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'Now I know how delusional our teachers are and I'm really scared'

We are governed not by reality but by the persecution mania of a caste of permanent, pensionable government employees

Last Thursday, I wrote a column about the attitude of the teachers' unions towards our national crisis. I was pessimistic about our future when I wrote it; and now, reviewing the response to it from the teaching community, I am absolutely terrified. For whereas over 100 non-teachers sent me emails supporting what I wrote, a dozen teachers attacked me, and every one of them -- every single one of them -- told me how they deserved their money and their existing holidays, because they were so committed and worked so very hard, et cetera.

They had, absolutely, no grasp of reality. None. It was like hearing the complaints of a first-class passenger on the Titanic after the crew has been told to ready the lifeboats. "I'm not getting on to a lifeboat," he declares. "I paid for a stateroom to New York, bathroom en suite, and that's what I'm going to have. And if I don't get it, why, I'll tell you this: we stateroom passengers will not co-operate with the purser, and we won't have dinner with the captain, and we'll be rude to the crew, and we'll do a lot of other horrid things you won't like. Now take me to New York."

The ship is going down. There will be no staterooms disgorging their passengers in New York. The teachers are amongst the lucky ones. They will have jobs as the rest of society flounders around them. Yet they complain. It is pathetic, but it is part of a grisly, terrible nightmare, in which we are governed not by reality but the persecution mania of an entire caste of permanent and pensionable government employees.

Teachers are the single most powerful group in the Dail. Their use of that power -- the granting of top-up income to TDs to pay for "temporary" replacement teachers in their stead for the duration of their political careers -- is one of the central scandals of Irish political life. It also means that TDs who were once teachers can still claim teachers' pensions whenever they retire (plus, of course, all the other pensions that flow from Leinster House like waters from the source of the Nile).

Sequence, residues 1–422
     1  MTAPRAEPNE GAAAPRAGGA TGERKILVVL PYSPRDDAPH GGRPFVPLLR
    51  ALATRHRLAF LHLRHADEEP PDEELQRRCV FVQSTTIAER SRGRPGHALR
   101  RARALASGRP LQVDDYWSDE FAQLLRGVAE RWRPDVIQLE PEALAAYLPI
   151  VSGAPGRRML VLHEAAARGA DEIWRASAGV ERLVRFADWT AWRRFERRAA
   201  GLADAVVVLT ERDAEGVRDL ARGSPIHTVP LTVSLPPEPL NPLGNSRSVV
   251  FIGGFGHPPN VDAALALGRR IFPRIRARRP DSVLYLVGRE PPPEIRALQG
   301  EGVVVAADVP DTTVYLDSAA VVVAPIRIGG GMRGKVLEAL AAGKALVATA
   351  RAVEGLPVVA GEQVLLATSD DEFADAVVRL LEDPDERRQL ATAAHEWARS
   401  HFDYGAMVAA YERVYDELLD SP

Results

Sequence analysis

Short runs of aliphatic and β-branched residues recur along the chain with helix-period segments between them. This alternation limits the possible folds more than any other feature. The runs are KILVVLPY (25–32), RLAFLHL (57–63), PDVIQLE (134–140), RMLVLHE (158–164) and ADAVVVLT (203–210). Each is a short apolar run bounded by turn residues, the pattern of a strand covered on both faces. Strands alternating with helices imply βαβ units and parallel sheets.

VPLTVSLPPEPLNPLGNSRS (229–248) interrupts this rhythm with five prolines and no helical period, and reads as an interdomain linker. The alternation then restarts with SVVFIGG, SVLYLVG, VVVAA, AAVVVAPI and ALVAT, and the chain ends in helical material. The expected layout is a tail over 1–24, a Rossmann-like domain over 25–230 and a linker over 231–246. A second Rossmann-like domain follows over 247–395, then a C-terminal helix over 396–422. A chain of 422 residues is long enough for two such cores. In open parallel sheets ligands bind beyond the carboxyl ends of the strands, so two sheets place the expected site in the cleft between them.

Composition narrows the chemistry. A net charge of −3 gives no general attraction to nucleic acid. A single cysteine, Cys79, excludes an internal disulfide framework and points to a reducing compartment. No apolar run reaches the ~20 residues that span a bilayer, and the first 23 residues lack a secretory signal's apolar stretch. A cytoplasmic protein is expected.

But TDs are not the only absentee teachers. In 2006, there were 17 primary school pupils and 15 secondary pupils to every teacher. But so many teachers -- over 40pc -- were on leave or absent at any one time, that the effective pupil/teacher rate was 27/1. This is eye-watering stuff.

In line with the steadfast pluck of our pedagogic class, the vast majority of TDs have refused to sacrifice a single penny in bonuses, pensions or expenses, despite the Budget undertakings from the minister. This is the example that our elected representatives set the nation -- and, more to the point, that which they set our 369,000 public servants. For there is a public servant for every 10 people in this republic -- man, woman and child. And while 140 men and women a day in the private sector are losing their jobs, seven days a week, the public service remains intact. It even has its own political arm -- the Labour Party.

We pay for this undiminishing army in two ways. Firstly, by borrowing over €60m a day, at increasingly expensive rates, because our credit rating has been blown to pieces by the failure of the Government to do anything about, guess what, the cost of the public service. Secondly, by higher taxes. And listen, we've already been here. It was called the 1980s, the Ansbacher decade, when anyone who had any money avoided tax by smuggling it offshore, and when you paid tradesmen only in ready money, for the same reason.

The lesson from the 1980s was that higher taxation effectively results in a tax strike, legal and otherwise, by taxpayers, with an accordingly diminishing tax take. From the 1990s, the lesson was low taxes, more revenue.

We're now racing back 25 years, leap-frogging the 1990s, to the diseased Ansbacher epoch, in which there are two distinct economies, and two co-existing and contradictory moralities. In other words, we've learnt nothing from the tribunals. Yet it was the culture of tax evasion which was the seedbed for all the abuses which gave us those insane inquiries, with their insane fees to those far-from-insane barristers, some of whom individually earn more altogether in a year than many people earn in an entire lifetime.

Like so many taxpayers, I've now reached the point where I spend more of my time working for the Revenue Commissioners than I do for myself. If I could find a way of avoiding that, I would. And believe me, cleverer people than me will do just that -- especially if they see the public service in their lifeboats drinking hot soup from their Thermos flasks, and complaining about how thin their blankets are, while around them, the private sector is frantically treading water, and the unemployed are drowning.

Until last week, I really didn't know how bad things had become, or how self-obsessed and delusional were our teachers -- who, remember, are the best paid in Europe, with the shortest working year. Now I know. And now, I'm really, really scared.

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